Despite living for decades with a Pterygium in his right eye, Jack had no reason to suspect he was one of 50,000 kiwis unaware they are living with glaucoma.

Jack associated any deterioration in his sight to his pterygium or natural aging and like many of us, he wore hobby glasses to help with reading.

Jack was in a supermarket when he noticed that the fluorescent lights made his eye feel watery and his vision became blurry. He was referred to an eye specialist who told him bleakly, “I can fix the pterygium, but you have a far bigger problem… Glaucoma.”

Jack had heard of glaucoma but didn’t realise how serious it is, and certainly had no idea at this stage of how it was about to impact not only his life, but that of his family too.

“Life became inconvenient and challenging as I realised that I must rely on others to go anywhere or do the things I took for granted while I had my sight.”

For the majority of his life, Jack had worked as a Store man/driver and passing his vision test for his driver’s license had never been an issue. This time was different. He had glaucoma, and it took two, very long, stressful months to receive the letter from the Waka Kotahi NZTA to confirm that Jack would never drive again – day or night.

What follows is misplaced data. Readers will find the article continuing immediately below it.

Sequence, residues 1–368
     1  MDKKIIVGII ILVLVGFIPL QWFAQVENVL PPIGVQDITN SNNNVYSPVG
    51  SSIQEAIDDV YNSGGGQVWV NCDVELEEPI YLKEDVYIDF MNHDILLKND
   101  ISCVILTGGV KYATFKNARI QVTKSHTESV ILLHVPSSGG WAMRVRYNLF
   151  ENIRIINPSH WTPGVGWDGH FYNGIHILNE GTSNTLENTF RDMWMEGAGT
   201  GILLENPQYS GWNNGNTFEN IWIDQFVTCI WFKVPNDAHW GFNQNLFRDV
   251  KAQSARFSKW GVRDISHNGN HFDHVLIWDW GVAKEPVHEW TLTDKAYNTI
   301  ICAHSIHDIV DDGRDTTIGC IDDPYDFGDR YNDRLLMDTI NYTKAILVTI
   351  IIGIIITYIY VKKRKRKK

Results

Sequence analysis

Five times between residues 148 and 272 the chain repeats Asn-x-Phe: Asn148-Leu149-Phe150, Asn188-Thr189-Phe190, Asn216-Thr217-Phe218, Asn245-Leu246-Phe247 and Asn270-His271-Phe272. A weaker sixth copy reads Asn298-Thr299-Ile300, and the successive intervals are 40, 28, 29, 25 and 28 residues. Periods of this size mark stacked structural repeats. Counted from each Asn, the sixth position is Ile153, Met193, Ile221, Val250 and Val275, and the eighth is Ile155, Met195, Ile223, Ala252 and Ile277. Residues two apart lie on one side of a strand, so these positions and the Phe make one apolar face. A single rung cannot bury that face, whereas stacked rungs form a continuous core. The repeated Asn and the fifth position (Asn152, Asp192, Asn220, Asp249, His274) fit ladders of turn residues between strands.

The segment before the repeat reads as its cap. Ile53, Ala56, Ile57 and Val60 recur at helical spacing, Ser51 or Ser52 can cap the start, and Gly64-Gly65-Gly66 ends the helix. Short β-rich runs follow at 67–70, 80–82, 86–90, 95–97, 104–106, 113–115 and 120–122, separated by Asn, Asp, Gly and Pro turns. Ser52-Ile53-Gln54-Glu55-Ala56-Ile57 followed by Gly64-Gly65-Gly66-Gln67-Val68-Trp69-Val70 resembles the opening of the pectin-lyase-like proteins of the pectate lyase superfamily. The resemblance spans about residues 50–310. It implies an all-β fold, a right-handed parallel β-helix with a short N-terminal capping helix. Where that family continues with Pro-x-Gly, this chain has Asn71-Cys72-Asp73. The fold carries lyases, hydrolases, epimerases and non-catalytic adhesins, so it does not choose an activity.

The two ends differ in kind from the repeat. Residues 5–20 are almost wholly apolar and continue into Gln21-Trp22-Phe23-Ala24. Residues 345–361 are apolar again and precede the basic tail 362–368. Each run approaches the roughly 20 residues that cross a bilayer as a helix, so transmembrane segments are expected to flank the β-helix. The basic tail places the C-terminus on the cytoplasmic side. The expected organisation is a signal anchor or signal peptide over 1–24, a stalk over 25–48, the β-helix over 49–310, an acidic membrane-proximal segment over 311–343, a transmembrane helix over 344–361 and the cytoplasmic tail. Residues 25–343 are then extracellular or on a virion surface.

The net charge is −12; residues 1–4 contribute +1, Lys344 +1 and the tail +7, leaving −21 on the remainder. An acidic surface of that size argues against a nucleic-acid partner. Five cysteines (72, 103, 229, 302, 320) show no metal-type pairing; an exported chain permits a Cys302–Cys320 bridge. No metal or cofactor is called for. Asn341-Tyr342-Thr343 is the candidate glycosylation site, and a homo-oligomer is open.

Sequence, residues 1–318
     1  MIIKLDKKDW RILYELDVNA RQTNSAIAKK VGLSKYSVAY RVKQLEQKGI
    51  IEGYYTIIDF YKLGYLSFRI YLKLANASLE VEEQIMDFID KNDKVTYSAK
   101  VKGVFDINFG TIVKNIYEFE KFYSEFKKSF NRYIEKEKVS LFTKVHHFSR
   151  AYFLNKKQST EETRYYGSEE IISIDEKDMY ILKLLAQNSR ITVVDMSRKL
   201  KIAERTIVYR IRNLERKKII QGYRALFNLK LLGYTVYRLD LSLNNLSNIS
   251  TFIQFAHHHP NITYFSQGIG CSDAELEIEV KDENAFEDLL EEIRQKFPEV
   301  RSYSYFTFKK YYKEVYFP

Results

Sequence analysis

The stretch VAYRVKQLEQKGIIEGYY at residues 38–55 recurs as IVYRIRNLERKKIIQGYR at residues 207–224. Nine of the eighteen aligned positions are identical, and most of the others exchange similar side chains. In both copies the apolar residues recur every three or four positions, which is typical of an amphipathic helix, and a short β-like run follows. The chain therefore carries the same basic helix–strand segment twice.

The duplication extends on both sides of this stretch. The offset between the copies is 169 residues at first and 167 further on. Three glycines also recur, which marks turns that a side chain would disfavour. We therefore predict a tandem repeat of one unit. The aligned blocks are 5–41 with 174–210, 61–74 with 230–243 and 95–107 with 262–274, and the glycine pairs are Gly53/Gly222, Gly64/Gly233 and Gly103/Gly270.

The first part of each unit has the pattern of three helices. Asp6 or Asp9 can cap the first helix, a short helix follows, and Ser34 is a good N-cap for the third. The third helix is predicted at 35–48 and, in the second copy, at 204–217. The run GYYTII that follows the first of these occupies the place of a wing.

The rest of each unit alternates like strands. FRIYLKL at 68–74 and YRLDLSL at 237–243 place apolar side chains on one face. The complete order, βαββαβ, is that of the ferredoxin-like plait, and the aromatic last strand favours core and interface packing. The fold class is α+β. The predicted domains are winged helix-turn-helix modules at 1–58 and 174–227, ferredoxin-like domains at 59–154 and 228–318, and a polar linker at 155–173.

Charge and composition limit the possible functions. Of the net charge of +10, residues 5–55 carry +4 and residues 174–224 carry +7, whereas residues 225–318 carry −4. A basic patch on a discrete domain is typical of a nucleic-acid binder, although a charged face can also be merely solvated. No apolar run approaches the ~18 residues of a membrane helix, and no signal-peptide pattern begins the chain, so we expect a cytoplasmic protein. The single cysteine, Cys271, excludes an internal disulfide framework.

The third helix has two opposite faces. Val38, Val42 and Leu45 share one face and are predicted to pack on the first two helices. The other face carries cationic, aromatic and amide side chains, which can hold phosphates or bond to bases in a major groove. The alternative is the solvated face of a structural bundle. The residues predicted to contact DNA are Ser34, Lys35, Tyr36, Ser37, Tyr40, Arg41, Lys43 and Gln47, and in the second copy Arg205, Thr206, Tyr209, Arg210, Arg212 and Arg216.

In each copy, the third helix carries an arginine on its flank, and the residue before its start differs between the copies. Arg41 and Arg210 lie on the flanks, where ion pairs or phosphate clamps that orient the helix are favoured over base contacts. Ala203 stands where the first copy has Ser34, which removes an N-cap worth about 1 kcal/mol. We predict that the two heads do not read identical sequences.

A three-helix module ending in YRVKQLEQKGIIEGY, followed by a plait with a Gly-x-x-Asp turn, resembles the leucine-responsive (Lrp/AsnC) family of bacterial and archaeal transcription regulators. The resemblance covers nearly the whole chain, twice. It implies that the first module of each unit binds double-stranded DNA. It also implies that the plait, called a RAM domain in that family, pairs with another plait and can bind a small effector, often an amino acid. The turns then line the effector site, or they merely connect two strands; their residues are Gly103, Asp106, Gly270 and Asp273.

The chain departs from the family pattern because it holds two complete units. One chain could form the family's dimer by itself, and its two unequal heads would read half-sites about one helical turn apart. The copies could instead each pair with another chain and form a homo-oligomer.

His workplace found him another role where he wasn’t required to drive, however this change also came with reduced hours and income. He reflected, “My whole life was turned upside down.” His wife dropped him off at work at 7.30am, picked him up at lunch time, dropped him home, went back to work herself.

Jack is telling his story in the hope that you will encourage your families and friends to get an eye health check today from their local Optometrist.

“I never thought it would affect me. It’s not in my family. I am the bloke in the posters that try to show what life with a disease looks like…. I look normal, my life and future were great, and I thought hobby glasses were improving my vision. An eye health test would have saved my job, my independence, my vision.”

With the help of his eye care specialists, and support from Glaucoma New Zealand, his family and friends, Jack has started to adapt to life with glaucoma. He is working full time, eye drops have his eye pressure under control, and he’s found a way to get a little independence using his e-bike to head to the tracks on his day off.

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